Bill to prevent lawmakers and their spouses from stock trading at standstill as Pelosi faces backlash

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A bill to prevent members of Congress and their spouses from trading or owning stocks while they hold elective office, which was introduced in February, is at a standstill amid a denial from House Speaker Nancy Pelosi, D-Calif., that her husband bought stock based on inside information she provided him.

The measure, called the Bipartisan Ban on Congressional Stock Ownership Act of 2022, was introduced in the House by Rep. Pramila Jayapal, D-Wash., and, to date, has 14 cosponsors, a majority of which are Democrats.

The legislation, according to its text, would prohibit members of Congress and their spouses from “stock trading and ownership.” In addition, it states that the elected members and their spouses should not “own an interest in or trade (except as a divestment) any stock, bond, commodity, future, or other form of security, including an interest in a hedge fund, a derivative, option, or other complex investment vehicle.”

Since its introduction, the bipartisan measure has been referred to several committees, with the latest action taking place Feb. 24, when it was further referred from the House Agriculture committee to its Subcommittee on Commodity Exchanges, Energy and Credit.


House Speaker Rep. Nancy Pelosi, D-Calif., addresses reporters at her weekly press conference at the Capitol in Washington, D.C., on July 21, 2022. (Bill O’Leary/The Washington Post via Getty Images)

A related measure was also introduced by several prominent members of the Senate, including Sens. Elizabeth Warren, D-Mass.; Steve Daines, R-Mont.; Marsha Blackburn, R-Tenn.; Debbie Stabenow, D-Mich.; Raphael Warnock, D-Ga.; and Lindsey Graham, R-S.C.

On Thursday, in response to a question from Fox News Digital, Pelosi said her husband, Paul Pelosi, never made stock purchases based on inside information he might have received. “No. Absolutely not,” she said.

The denial came after Pelosi made headlines when her husband, who has become known for making stock trades worth millions, made a purchase of computer chip stock.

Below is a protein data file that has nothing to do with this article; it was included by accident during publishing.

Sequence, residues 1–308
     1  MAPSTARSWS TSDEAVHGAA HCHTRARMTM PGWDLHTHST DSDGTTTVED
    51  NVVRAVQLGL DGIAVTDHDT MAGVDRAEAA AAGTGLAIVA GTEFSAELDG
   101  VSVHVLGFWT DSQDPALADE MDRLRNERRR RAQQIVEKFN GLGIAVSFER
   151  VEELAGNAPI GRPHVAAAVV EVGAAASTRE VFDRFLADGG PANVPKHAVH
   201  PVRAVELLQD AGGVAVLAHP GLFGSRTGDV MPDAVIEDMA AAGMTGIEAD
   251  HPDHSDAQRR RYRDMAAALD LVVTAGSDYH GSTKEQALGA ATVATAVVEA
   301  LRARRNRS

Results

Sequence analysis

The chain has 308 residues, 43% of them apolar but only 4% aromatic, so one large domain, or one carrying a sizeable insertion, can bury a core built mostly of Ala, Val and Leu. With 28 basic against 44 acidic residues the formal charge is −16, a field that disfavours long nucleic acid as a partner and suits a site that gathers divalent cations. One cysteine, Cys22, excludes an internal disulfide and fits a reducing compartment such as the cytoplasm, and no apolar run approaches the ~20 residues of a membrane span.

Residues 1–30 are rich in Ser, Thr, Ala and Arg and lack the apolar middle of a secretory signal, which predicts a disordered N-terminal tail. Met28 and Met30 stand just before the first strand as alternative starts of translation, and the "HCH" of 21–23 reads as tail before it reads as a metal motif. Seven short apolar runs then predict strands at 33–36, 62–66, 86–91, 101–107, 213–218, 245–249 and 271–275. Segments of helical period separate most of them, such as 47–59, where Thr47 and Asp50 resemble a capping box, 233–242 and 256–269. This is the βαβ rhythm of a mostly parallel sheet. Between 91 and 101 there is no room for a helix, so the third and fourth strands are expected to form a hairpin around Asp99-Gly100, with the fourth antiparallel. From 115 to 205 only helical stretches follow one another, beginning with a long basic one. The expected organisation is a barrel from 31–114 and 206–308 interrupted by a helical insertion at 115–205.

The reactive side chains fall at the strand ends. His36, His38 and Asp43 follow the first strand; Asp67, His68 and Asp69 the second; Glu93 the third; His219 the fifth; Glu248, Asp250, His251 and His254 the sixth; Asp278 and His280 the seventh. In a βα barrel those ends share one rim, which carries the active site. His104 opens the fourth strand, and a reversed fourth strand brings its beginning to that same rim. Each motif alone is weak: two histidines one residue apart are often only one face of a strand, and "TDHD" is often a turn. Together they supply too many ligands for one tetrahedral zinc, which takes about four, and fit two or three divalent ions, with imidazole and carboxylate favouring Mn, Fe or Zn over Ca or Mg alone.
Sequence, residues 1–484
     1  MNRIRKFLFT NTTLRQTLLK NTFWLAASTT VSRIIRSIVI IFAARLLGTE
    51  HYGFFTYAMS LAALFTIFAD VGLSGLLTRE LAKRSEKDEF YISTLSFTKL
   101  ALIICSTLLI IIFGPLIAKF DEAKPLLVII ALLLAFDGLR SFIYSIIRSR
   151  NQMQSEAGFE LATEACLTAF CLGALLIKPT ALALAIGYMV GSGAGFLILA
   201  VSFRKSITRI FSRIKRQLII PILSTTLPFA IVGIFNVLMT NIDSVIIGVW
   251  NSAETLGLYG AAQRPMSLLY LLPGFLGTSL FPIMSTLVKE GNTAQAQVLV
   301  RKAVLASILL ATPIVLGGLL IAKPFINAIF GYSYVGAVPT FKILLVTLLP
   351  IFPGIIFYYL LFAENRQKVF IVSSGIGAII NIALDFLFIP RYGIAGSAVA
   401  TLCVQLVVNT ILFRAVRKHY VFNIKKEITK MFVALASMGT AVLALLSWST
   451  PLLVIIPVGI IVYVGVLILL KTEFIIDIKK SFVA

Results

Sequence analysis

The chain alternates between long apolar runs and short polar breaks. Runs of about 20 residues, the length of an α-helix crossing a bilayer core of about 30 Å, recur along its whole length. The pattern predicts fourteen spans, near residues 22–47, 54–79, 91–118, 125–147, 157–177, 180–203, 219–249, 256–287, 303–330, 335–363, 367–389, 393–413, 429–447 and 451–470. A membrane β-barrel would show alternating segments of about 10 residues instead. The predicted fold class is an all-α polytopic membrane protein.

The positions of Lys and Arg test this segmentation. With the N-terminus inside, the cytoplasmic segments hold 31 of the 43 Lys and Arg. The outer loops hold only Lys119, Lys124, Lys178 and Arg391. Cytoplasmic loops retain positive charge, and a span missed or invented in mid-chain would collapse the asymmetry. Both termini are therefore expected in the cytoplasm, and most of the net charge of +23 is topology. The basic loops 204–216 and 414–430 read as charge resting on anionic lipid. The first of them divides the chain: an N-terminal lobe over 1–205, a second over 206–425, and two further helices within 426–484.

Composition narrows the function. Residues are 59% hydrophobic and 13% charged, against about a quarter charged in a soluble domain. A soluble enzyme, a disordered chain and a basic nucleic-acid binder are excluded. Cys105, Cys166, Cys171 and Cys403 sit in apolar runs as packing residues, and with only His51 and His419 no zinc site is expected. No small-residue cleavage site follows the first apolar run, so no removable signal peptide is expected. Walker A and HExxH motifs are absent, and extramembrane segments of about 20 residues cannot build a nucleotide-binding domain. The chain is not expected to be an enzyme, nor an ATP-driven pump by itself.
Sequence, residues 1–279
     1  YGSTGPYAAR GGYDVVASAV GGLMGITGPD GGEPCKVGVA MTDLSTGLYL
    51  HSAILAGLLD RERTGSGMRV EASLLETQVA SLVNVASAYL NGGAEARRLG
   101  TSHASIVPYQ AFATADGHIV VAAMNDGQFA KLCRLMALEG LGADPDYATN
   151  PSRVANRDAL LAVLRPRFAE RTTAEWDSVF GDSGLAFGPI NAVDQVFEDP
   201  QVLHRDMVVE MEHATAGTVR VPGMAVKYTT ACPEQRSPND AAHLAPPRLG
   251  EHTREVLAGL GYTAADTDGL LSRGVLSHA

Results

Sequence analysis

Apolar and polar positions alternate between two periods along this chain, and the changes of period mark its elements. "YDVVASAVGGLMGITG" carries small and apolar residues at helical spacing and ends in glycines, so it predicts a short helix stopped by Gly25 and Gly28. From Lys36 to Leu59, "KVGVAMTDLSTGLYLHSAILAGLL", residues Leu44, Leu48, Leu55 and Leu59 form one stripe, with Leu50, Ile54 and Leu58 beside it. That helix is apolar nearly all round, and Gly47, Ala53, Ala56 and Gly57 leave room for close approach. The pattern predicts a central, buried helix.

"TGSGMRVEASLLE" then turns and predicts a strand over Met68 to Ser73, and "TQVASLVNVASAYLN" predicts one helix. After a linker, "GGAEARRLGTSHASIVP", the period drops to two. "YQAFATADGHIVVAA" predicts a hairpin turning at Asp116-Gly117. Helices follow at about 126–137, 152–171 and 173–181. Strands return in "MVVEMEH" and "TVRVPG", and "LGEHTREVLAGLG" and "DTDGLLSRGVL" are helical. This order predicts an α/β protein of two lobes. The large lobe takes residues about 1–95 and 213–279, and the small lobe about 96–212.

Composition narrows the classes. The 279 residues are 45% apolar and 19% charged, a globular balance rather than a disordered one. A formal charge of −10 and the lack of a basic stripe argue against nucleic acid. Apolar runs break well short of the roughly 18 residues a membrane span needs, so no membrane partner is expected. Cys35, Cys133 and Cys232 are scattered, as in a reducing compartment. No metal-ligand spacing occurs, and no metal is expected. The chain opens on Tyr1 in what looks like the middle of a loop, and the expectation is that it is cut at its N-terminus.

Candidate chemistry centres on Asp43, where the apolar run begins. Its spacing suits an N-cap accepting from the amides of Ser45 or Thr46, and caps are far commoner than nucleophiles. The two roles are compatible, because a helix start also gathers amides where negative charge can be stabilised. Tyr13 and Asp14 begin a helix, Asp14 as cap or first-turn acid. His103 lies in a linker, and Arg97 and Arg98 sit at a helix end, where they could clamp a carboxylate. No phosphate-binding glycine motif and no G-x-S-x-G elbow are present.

Pelosi’s office has defended purchases by her husband and reiterated that Pelosi, who could bring a measure preventing lawmakers and their spouses from trading stock to the House floor for a vote, does not own any stock.

Nancy Pelosi and Paul Pelosi attend the 23rd Annual Mark Twain Prize for American Humor at The Kennedy Center in Washington, D.C., on April 24, 2022. (Paul Morigi/Getty Images)

Kendra Arnold, the executive director for the Foundation for Accountability and Civic Trust, told Fox News that it is “completely irrelevant,” for the sake of conflict of interest laws, whether it was Pelosi or her husband that owns and initiated the stock trades.

“Her response that it was her husband who made the stock trades is not relevant, and she knows it,” Arnold said. “Whether it is her or her spouse that owns and made the stock trades is completely irrelevant for the conflict of interest laws, which is why she is required to disclose these stock trades in the first place.”


“While the disclosure laws are fundamental for revealing whether a Member has used nonpublic information for profit or whether their personal investments influenced official action, the disclosure itself does not remedy any issues and doesn’t mean there isn’t a conflict of interest present,” Arnold added. “Once the disclosure occurs, it is important that any information is acted upon if there appears to be an issue present.”

Speaker of the House Nancy Pelosi, D-Calif., holds her weekly press conference at the U.S. Capitol in Washington, D.C., on July 21, 2022. (Nathan Howard/Getty Images)


Pelosi is worth an estimated $114 million, according to her 2018 personal financial disclosure. She is the sixth-richest member of the House and the 10th richest member of Congress, according to data tracked by the Center for Responsive Politics.

Several elected Republicans and Democrats have spoken out in recent months in favor of efforts and measures to prevent members of Congress from stock trading, but it appears there is no consensus among members in the Senate or House on what a final bill should look like.

Fox News’ Megan Henney and Houston Keene contributed to this article.